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A ban on feeding the homeless?
A couple were ordered to stop serving dinners to Houston's street population because they lacked a permit. Have city officials gone too far?
 
While some homeless people take advantage of soup kitchens, one Houston couple tried to deliver warm meals to those in need on the city streets.
While some homeless people take advantage of soup kitchens, one Houston couple tried to deliver warm meals to those in need on the city streets.
Corbis

The video: For 15 months beginning in 2009, a Houston couple served 60 to 120 homeless people dinner every night as part of a Christian-themed program called "Feed a Friend." But three weeks ago, reports the Houston Chronicle, local authorities shut down Bobby and Amanda Herring's operation, saying they lacked the necessary health permits to serve food in public. A spokesman for the city's Health and Human Services Department says such rules are in place because "poor people are the most vulnerable to foodborne illness and also are the least likely to have access to health care." (The Herrings had received food donations from local businesses, and volunteers helped prepare the meals.) Now it's unclear whether the couple will be allowed to resume their outreach effort.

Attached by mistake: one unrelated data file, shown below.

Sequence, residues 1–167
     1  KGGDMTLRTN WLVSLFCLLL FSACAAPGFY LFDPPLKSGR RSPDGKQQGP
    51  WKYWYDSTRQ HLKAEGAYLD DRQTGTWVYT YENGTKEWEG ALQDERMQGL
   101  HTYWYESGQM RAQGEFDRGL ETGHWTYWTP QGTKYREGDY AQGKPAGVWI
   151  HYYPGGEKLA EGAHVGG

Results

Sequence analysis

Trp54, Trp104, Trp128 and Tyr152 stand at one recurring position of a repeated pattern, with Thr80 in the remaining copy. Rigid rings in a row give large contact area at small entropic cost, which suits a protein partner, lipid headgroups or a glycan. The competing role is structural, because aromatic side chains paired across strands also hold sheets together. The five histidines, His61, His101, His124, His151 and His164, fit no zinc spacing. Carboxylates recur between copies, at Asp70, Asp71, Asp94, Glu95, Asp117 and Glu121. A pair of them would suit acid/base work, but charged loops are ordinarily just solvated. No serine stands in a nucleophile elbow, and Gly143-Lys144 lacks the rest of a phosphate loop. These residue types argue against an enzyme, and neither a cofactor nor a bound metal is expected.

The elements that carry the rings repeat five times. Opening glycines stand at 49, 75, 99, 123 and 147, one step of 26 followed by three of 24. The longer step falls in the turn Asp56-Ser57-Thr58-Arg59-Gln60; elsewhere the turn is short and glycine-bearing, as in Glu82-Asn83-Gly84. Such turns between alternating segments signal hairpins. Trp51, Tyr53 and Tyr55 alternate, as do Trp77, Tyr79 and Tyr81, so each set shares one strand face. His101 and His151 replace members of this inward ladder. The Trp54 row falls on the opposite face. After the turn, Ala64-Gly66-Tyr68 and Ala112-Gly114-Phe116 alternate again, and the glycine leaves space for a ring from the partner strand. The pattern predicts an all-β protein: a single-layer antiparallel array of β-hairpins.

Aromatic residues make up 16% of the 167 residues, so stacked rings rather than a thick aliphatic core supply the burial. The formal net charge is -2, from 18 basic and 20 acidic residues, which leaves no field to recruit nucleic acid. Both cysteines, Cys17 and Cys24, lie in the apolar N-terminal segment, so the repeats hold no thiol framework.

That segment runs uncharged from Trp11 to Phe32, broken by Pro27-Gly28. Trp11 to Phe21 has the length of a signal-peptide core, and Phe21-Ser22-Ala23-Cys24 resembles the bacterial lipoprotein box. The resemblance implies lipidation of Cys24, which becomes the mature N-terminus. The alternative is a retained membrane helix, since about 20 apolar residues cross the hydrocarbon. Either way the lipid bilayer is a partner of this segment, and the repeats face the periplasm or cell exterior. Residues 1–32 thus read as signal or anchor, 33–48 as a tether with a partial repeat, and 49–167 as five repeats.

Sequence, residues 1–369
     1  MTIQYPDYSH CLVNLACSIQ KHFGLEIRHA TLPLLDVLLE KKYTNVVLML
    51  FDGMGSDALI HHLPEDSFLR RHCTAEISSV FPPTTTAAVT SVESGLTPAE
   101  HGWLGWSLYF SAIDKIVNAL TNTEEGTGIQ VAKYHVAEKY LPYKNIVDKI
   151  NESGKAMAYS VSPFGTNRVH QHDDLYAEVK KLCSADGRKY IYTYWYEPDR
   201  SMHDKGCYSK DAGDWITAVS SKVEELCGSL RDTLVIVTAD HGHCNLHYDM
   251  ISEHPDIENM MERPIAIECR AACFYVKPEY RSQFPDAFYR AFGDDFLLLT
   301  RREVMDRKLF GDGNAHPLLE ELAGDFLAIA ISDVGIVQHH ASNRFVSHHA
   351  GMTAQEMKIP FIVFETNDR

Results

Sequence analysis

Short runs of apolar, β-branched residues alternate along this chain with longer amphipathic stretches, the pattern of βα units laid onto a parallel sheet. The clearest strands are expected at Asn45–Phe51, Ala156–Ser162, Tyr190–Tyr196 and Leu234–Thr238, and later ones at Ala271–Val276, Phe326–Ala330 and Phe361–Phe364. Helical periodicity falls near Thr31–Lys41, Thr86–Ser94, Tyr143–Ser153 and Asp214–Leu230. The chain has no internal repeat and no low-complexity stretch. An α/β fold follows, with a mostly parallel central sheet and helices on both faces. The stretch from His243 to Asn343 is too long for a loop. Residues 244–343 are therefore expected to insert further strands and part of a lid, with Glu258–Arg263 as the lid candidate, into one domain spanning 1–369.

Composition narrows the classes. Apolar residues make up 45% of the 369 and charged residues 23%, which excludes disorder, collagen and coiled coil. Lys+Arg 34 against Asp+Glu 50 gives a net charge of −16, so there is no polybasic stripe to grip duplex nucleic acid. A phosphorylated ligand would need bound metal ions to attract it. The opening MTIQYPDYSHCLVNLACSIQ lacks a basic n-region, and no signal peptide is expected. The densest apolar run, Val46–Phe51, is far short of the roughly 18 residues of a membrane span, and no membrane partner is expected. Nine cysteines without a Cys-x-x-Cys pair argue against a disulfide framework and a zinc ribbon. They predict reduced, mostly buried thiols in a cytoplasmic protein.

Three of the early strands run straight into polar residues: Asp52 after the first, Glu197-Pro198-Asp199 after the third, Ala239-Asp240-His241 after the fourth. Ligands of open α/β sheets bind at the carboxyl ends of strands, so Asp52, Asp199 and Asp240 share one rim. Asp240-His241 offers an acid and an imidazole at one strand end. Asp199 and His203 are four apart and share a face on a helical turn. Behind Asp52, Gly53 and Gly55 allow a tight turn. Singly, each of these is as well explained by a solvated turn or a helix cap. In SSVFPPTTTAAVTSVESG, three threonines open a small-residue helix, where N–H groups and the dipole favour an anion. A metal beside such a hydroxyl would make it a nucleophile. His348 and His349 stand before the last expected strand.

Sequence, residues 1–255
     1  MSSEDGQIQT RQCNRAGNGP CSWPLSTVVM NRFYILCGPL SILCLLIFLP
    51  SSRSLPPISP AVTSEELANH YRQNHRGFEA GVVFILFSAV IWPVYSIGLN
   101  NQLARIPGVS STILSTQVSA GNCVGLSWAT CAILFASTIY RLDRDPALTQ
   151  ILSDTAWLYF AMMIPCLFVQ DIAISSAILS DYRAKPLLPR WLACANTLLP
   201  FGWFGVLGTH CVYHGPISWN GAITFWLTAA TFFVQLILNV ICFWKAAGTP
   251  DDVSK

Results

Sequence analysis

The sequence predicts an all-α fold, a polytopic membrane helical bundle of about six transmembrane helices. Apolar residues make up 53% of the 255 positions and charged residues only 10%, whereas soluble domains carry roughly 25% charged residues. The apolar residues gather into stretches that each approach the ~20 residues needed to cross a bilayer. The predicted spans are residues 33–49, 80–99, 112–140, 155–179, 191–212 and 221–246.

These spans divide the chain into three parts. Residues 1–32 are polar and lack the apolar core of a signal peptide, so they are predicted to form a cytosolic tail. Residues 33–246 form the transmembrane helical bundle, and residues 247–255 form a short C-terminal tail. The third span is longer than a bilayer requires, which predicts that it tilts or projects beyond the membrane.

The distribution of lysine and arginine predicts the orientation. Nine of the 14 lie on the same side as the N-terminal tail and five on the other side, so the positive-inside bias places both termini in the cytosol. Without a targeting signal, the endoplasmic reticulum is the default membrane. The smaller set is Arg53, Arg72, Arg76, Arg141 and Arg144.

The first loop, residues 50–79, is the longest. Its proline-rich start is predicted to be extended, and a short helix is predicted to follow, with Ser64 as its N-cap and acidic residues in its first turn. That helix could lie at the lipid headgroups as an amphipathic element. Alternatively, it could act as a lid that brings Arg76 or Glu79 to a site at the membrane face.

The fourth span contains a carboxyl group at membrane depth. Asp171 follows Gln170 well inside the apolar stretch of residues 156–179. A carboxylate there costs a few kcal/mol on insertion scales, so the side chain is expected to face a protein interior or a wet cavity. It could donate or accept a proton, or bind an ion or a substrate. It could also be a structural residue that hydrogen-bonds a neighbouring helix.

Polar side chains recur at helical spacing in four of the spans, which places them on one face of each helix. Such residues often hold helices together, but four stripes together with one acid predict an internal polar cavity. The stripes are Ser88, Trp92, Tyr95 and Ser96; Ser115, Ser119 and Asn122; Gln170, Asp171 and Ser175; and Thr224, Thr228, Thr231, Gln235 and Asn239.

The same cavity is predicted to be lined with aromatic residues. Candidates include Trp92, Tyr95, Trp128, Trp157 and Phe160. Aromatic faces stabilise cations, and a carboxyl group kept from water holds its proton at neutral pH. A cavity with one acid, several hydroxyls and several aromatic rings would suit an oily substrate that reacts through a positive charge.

The reaction:
"We absolutely need more people like them who care about this vulnerable population," says Coalition for the Homeless President and CEO Connie Boyd, as quoted by the Chronicle. But while the Herrings' "intentions are good," they should respect the law. These ordinances exist to "protect the public." Please—overzealous regulations like these are all about "greed and power,"  says Max Borders in the Washington Examiner,  not "the health and safety of homeless people." Houston's government officials know the Herrings "represent competition for the army of social workers paid by the city"; they shut the couple down to "protect their monopoly," pure and simple. Watch a local news report about the "Feed a Friend" shutdown:

 

 

 

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